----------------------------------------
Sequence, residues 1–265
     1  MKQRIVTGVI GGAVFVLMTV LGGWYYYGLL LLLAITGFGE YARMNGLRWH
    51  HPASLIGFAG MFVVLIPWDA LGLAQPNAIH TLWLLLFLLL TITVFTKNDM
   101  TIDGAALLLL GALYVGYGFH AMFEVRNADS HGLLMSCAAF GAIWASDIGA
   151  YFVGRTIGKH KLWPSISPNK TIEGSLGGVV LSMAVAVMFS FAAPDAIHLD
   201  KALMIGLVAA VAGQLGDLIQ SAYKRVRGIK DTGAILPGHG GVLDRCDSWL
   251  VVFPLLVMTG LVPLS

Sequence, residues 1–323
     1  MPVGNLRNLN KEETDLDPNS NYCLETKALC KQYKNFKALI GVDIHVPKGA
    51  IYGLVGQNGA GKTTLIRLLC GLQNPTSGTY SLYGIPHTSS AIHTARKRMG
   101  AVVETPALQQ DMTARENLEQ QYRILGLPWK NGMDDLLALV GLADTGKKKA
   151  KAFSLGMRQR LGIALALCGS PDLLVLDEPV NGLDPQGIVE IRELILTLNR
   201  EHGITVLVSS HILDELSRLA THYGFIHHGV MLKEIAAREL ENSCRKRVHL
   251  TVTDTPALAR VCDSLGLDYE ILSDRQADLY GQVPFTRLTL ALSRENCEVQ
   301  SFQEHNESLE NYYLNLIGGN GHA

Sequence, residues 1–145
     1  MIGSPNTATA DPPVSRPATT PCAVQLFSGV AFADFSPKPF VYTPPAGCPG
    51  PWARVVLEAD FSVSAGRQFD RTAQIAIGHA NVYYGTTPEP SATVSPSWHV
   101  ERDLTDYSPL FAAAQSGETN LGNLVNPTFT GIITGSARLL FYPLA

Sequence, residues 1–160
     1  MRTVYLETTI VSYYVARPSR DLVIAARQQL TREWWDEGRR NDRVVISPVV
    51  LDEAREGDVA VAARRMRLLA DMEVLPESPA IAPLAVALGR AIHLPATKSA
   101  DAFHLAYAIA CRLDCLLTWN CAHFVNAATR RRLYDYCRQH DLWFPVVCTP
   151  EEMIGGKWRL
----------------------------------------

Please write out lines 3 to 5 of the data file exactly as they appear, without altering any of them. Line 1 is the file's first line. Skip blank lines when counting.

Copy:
    51  HPASLIGFAG MFVVLIPWDA LGLAQPNAIH TLWLLLFLLL TITVFTKNDM
   101  TIDGAALLLL GALYVGYGFH AMFEVRNADS HGLLMSCAAF GAIWASDIGA
   151  YFVGRTIGKH KLWPSISPNK TIEGSLGGVV LSMAVAVMFS FAAPDAIHLD